Oh no, Paine! Once back behind a wall of protection, how then can we curb the runaway wage demands and education costs of our own home-grown skillheads?(*)

Just allow those foreign-built skillheads to come here and compete, no holds barred... errr, so long as they pay an adjustment for any remittances they make while here, and leave their savings here too, at least for a decent interval... if they choose to permanently return to their native heaths, or maidans, or paddies, or whatever the native topography may have been.


(*) Why would we want to? -- Ed.

July 16, 2010

O save us from the pitchforks, dear Paul!

Over at Thomatose Central, I catch Paul Krugman, terrier for equity, once again chewing up a stage rug over those scarey guys from Elephant Town. Heeere's Kruggie:

Republicans are feeling good about the midterms — so good that they’ve started saying what they really think. This week the party’s Senate leadership stopped pretending that it cares about deficits, stating explicitly that while we can’t afford to aid the unemployed or prevent mass layoffs of schoolteachers, cost is literally no object when it comes to tax cuts for the affluent.

And that’s one reason — there are others — why you should fear the consequences if the G.O.P. actually does as well in November as it hopes.

Krug, Krug. Banging the drum for the donkey is obscene, after the lesser evil has more than once, on most major policy avenues, flat-out flunked the George Wallace "dimes worth of difference" test. To suggest continuing to play the lesser-evil card is for undercover Quislings.

PK, the donks deserve to get turned out. Sweeping away pure cover and brand perception management -- all the handwringing on one side and the kill-the-wolf crying on the other -- can you say objectively that Ohbummer & Co. have made life signifigantly better for the median voting souls than a prez McCain would have?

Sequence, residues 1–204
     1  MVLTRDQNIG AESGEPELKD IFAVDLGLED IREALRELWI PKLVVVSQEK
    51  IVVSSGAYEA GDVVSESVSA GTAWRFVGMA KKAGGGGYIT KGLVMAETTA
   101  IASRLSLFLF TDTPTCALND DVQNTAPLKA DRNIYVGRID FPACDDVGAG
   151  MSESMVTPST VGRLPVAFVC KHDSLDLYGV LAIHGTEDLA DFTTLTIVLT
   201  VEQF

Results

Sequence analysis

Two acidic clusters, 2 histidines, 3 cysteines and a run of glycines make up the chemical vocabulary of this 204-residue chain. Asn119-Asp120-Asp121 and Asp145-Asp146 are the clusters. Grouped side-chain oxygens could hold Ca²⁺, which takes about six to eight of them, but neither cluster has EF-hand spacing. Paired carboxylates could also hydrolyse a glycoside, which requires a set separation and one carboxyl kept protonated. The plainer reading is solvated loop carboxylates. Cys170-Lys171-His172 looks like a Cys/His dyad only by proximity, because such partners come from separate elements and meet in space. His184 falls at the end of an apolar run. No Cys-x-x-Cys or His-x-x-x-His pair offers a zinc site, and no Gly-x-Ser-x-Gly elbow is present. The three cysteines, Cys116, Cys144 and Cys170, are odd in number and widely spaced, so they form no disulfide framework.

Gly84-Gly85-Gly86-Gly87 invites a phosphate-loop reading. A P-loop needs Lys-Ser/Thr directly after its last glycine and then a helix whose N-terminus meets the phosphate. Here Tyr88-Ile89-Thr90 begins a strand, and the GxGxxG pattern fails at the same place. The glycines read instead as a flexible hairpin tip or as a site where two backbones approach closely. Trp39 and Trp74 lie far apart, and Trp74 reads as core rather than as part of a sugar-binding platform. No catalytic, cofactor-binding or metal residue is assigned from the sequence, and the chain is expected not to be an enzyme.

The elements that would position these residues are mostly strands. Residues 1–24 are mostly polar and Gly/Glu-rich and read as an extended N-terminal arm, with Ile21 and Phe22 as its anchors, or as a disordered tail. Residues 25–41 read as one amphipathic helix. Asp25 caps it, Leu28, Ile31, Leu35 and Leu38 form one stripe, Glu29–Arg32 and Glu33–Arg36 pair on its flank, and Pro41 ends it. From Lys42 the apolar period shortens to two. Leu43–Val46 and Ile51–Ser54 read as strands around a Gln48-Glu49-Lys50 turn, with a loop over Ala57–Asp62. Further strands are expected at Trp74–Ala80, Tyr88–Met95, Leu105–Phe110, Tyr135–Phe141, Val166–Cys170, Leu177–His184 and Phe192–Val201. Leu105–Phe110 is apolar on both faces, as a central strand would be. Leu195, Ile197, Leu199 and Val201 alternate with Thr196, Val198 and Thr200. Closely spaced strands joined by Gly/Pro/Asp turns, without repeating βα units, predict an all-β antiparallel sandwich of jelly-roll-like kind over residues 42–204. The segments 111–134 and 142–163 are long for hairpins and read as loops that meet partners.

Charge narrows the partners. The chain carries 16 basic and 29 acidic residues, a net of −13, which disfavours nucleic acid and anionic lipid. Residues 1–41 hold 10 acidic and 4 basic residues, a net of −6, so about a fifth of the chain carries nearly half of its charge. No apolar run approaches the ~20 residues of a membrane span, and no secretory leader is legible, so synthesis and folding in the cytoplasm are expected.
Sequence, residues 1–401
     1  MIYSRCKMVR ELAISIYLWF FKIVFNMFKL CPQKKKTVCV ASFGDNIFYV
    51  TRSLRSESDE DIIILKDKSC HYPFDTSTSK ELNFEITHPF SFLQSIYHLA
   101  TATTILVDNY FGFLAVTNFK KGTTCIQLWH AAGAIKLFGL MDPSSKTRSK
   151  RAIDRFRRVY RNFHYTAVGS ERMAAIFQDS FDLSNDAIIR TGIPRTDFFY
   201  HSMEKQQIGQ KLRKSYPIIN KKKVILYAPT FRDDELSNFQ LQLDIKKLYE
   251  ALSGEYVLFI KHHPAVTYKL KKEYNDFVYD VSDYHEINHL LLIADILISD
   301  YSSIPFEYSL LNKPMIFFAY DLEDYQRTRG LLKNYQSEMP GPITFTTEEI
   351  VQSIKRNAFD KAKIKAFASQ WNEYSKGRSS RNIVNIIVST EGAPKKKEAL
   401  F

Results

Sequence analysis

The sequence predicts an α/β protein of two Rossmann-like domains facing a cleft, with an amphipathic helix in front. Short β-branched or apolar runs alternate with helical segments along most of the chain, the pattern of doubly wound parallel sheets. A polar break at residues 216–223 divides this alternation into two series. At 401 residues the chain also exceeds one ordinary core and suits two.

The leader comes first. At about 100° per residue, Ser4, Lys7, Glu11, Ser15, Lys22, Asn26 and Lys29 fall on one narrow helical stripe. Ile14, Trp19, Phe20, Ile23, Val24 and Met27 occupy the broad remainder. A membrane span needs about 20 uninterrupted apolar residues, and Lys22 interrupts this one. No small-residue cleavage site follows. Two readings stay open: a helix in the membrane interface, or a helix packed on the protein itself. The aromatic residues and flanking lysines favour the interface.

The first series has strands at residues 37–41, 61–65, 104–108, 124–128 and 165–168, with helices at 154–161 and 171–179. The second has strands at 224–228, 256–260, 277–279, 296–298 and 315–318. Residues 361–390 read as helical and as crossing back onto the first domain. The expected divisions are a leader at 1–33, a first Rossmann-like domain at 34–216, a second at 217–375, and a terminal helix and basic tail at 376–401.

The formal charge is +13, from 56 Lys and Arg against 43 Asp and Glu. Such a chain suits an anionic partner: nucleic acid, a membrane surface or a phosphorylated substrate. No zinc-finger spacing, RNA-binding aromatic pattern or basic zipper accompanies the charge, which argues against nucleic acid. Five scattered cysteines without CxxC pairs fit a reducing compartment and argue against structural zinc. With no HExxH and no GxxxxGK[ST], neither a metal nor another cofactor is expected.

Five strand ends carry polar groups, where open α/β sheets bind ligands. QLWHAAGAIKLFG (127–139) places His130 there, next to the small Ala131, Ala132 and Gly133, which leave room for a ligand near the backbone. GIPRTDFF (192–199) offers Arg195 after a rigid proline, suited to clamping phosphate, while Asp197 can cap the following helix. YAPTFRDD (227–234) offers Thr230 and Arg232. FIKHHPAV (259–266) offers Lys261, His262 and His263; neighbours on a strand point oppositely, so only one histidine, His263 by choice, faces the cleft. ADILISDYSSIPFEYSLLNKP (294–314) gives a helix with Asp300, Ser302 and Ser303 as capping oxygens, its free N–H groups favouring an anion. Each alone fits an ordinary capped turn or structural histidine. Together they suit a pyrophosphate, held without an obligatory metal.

Go down the list of policy areas one by one. Don't notice how it would be packaged, but just what it really would probably amount to. If the difference, the real difference, is second-order, then Ohbummer and his congo pals deserve to get turfed out, for passing up a once-in-a-generation opportunity to try at least to be qualitatively better then that fleabitten gimped-up mean-spirited flight-deck pappy would have been.

I can understand the temptation to pull the lever for a lesser evil. Do it, pal, do it. Even if it only makes a second-order difference, it's still a difference. The logic is fine -- as far as it goes. Pull the jackass lever in November then. I guess that's okay -- even if I think rewarding them only perpetuates a symbiotic evil. Maybe that takes more "evidence" than you find in the record. You certainly seem to have a higher opinion of the Clinton years than I do.

But still: why this absurd ballyhoo -- "The wild things are coming! The wild things are coming!" The guts of your argument becomes this:

"Good people, we have to admit to ourselves that Ohbummer rather pusillanimously has protected the big boys from our righteous pitch forks, and let a lot of us down, but that's only half the story.

"At least he's trying -- you know, trying to protect us from... ahhhh... their evil pitchforks. Right? Eh? Right about that at least... err, if you look at it kinda sideways, maybe, and at least now and then.

"Um... come on... I mean, he's got a good heart... don't he? That oughta count for somethin', I think... no?"

September 10, 2010

Bigfoot domesticus

Don't know why Paul Krugman seems always under my tack hammer. But here we go again:

"... The Paris-based OECD is Conventional Wisdom Central; and in May, it dutifully relayed the conventional wisdom that advanced nations should start cutting spending and, even more remarkably, raising interest rates right away...this made no sense even in terms of the OECD’s own forecasts, which said that unemployment would remain very high and inflation very low for years to come...Now the OECD has climbed down, sort of. Maybe hold off on those interest hikes, it says, and if things get really bad, maybe delay the fiscal austerity."
So far, so good; not a bad setup to his "Two points":
"1. This new document is presented as a response to a change in forecasts. But as I pointed out in May, even given the forecasts the OECD was making back then, its call for near-term austerity made no sense."


"When you’re expecting 8.4 percent unemployment and 1 percent inflation at the end of 2011, raising interest rates this year would be a violation of everything we know about sensible monetary policy."

Yup again.

"The OECD never explained why fiscal contraction should take place while the economy was still deeply depressed, except by vague appeals to confidence, i.e., the invisible bond vigilantes."

Wow! Yup-cubed! And three points in one!

"2. The slowdown we’re seeing now isn’t a surprise."
Damn straight, PK!
"Everyone who took a Keynesian approach seriously was very worried about the second half of 2010, long in advance."